There have been four confirmed cases of Hendra involving horses at a veterinary hospital on Brisbane's outskirts, and two staff have subequently caught the virus.
The disease is carried by native fruit bats and can be transferred to horses. The disease is able to jump from horses to people.
Brisbane Southside Population Health Unit medical officer Dr Brad McCall moved to allay fears the dangerous virus may be able to jump from person to person.
"It is important to understand that the Hendra virus is rare in horses and in humans," he said.
Dr McCall said there is no evidence of new strains of the Hendra virus eventually leading to human to human transmission.
"Our extensive investigations into the virus over the years have found no evidence of this occurring.
"We expect a virus will change its structure a little over time but it's still the Hendra virus," he said.
"Whilst the natural host for Hendra virus in Australia is the flying fox, there is also no evidence of bat to human transmission, only bat to horse transmission. There is no risk to the wider community."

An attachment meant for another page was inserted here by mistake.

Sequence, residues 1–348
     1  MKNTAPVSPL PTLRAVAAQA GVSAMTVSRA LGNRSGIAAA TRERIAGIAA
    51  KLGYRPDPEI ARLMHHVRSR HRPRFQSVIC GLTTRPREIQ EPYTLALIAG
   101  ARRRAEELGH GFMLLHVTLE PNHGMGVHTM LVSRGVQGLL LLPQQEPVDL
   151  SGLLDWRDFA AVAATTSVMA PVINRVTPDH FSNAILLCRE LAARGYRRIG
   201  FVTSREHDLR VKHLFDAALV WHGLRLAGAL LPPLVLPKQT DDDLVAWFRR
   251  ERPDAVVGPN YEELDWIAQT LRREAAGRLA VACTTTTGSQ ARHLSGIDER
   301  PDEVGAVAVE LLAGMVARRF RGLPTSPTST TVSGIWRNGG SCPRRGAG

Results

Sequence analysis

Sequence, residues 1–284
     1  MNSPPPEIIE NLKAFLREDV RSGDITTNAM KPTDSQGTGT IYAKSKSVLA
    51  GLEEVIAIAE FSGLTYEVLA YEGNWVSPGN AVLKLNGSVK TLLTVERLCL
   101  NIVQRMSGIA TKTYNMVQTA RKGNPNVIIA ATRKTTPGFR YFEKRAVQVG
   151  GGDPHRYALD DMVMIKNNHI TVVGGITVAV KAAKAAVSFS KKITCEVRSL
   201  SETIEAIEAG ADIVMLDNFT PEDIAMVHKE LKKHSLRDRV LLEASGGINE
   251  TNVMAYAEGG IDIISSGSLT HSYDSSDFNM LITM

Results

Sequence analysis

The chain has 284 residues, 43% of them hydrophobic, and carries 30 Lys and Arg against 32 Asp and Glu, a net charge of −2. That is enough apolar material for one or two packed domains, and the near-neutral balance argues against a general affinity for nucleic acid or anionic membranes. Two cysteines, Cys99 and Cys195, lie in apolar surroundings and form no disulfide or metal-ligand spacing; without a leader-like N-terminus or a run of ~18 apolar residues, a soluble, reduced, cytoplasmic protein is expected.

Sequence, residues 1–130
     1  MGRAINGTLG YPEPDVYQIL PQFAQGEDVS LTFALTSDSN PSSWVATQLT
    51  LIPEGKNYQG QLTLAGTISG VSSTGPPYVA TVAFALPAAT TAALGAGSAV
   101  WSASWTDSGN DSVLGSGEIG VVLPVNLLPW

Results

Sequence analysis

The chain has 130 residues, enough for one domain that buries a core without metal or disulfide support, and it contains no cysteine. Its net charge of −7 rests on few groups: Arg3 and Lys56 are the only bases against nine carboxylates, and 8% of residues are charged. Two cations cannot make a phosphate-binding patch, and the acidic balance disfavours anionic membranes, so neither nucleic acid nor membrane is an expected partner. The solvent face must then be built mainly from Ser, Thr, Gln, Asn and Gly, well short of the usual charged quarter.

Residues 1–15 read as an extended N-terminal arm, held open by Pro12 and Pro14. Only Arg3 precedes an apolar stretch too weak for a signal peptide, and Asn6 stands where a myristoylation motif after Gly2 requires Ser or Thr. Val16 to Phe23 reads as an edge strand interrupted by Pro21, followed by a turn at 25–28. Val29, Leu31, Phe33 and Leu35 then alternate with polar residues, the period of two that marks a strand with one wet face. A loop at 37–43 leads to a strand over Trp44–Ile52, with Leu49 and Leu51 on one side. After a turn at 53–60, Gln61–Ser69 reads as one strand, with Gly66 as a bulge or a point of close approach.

The monitoring of people and horses potentially exposed to the virus continues. The clinic at the centre of the outbreak remains under quarantine.
"We have tested up to 50 people who work at the veterinary facility or who may have had close contact with the sick horses.
"We’re continuing to monitor their health and provide information and advice as required."
All those with contact with the horses undertook a second round of blood testing last week.
The two staff who tested positive to Hendra remain under close medical observation in a Brisbane hospital.
"Both cases most likely acquired the infection through close contact with the horses in the late stage of the horses' illness or at autopsy," Dr McCall said.
"To date all other people who had been in close contact with the sick horses remain well."